Dacarbazine 300 mg/m2/day IV continuous infusion on days 1-3

Repeat every 3 wk [25]

Doxorubicin and olaratumab [26]

Gemcitabine and docetaxel [28, 29] :

Gemcitabine 900 mg/m2 IV over 30-90 min on days 1 and 8 plus docetaxel 75-100 mg/m2 IV over 60 min on day 8; repeat every 21 d; growth factors may be needed

Gemcitabine 900 mg/m2 IV over 30-90 min on days 1 and 8 plus docetaxel 35 mg/m2 IV over 60 min on day 1 and 8; repeat every 21 d; growth factors typically not needed; very well-tolerated schedule

See the list below:

Concurrent chemoradiation typicalliy is mainly used for extremity and trunk soft tissue sarcoma, as use in intra-abdominal/retroperitoneal sites has more significant toxicities.

Doxorubicin can be administered as a flat dose of 30 mg daily for 3 d, with concurrent radiation therapy.

Radiotherapy with ifosfamide is associated with significant toxicities, and full doses are difficult to administer beyond two cycles.

A single trial reported safe administration of gemcitabine at 700 mg/m2 along with 50 Gy over 25 fractions

There are sparse data on oral temozolomide 50 mg/m2 once daily for 7 d with radiation therapy (dose of 50.4 Gy)

Combination chemotherapy regimens (MAID [mesna, doxorubicin, ifosfamide, and dacarbazine]) with concurrent radiation therapy have higher response and prohibitive toxicities and therefore should be performed at centers with adequate experience with these regimens; there are no prospective studies comparing chemoradiation to radiation therapy alone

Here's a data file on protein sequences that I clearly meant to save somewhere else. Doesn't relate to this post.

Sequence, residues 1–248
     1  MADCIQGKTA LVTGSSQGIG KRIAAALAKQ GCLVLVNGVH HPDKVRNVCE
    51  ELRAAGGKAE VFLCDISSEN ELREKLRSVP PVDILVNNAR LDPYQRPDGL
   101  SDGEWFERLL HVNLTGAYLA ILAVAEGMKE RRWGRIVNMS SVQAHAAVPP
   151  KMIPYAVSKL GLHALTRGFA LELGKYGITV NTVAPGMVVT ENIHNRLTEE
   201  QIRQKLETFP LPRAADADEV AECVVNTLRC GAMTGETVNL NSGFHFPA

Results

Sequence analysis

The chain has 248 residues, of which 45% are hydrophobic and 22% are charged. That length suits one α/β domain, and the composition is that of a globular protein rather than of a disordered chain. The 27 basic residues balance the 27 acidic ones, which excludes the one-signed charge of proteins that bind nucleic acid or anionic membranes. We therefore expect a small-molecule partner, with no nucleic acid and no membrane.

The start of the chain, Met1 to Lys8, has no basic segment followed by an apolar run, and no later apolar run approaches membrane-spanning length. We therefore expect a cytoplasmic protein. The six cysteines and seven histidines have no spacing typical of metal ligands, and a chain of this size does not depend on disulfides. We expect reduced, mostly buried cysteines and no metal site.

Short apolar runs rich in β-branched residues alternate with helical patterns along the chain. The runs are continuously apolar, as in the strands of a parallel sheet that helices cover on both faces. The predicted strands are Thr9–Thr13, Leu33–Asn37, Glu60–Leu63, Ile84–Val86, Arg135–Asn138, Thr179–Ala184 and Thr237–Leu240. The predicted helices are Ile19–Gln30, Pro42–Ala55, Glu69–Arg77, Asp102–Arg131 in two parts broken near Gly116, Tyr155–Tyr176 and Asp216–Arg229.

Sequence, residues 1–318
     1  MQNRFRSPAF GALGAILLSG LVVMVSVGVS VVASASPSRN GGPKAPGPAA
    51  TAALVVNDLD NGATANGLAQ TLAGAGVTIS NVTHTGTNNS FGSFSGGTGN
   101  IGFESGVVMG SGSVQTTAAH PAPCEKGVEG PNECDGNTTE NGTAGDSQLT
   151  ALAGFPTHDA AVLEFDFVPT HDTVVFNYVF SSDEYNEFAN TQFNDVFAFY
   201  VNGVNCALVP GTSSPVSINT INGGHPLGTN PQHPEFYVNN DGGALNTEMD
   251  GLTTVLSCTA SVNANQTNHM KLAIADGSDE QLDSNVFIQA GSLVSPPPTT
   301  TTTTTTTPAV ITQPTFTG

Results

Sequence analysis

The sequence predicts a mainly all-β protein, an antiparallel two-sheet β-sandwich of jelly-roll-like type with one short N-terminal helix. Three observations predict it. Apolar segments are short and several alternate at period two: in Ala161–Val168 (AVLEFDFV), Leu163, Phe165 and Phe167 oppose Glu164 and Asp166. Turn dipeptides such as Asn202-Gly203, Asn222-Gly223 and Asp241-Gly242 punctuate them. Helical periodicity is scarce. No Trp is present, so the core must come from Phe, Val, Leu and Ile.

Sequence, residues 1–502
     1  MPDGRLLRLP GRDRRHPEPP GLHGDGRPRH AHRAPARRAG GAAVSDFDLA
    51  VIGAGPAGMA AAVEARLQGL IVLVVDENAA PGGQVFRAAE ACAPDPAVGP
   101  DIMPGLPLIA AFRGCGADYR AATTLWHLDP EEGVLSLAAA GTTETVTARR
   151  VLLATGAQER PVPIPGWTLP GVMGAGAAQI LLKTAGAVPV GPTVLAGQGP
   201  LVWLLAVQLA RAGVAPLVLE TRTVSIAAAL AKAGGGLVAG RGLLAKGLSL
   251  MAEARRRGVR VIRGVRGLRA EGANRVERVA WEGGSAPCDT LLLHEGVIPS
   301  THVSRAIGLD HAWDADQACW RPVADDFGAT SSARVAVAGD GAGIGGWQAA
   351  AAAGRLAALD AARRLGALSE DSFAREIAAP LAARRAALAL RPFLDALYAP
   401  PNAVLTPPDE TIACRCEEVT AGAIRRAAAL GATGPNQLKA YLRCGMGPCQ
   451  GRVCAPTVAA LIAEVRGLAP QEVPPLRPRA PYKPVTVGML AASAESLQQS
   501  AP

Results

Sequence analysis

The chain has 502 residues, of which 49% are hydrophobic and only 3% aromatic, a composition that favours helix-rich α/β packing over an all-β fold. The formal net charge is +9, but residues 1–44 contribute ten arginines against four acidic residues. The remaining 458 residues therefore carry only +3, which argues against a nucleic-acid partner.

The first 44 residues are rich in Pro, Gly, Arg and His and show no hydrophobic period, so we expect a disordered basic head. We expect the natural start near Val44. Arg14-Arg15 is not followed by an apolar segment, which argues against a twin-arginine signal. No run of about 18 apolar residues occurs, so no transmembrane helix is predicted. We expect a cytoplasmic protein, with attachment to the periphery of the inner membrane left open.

Consider adjuvant chemotherapy for chemosensitive, extremity/trunk, and high-risk lesions; consider age, performance status, size, grade, location, type of initial surgery, and margin status when discussing initiation of adjuvant therapy

When possible, patients should be referred to an NCCN-designated center and enrolled in clinical trials.


A phase II study randomized patients with leiomyosarcomas to gemcitabine (1200 mg/m2 IV on days 1 and 8; every 21 d) alone or gemcitabine (900 mg/m2 IV over 90 min on days 1 and 8) and docetaxel (100 mg/m2 IV over 90 min on day 8; every 21 d) and reported higher response rates in the dual chemotherapy arm (32% vs 27%), with a 3% complete response (CR) and significantly improved progression-free survival (6.3 vs 3 mo) [30]

Several phase II trials have demonstrated the activity of temozolomide in sarcoma, with efficacy particularly notable in leiomyosarcoma [31, 32]

Temozolomide can be administered as a 6-wk, continuous oral schedule at a dose of 75 mg/m2 or BID on a 12-h schedule for 5 d as an oral bolus dose of 200 mg/m2 followed by 9 doses of 90 mg/m2 every 4 wk


Treatment is wide excision and irradiation; however, angiosarcoma is highly aggressive and has a propensity for local recurrence, multifocal spread, and early hematogenous dissemination

Angiosarcomas have a 5-y overall survival rate of 10-30%; radiation-associated angiosarcomas are thought to have worse outcomes

Systemic treatment of angiosarcomas include doxorubicin or ifosfamide, with responses in the range of 10-20%; angiosarcomas are also highly sensitive to taxanes; pegylated-liposomal doxorubicin has also been shown to have activity in this disease [33]

A phase II clinical trial of 30 patients with unresectable or metastatic angiosarcoma (ANGIOTAX study) demonstrated a 2-mo and 4-mo progression-free survival of 74% and 42%, respectively, with weekly paclitaxel administered at a dose of 80 mg/m2 on days 1, 8, and 15 in a 4-wk cycle; an overall response rate of 19% was observed [34]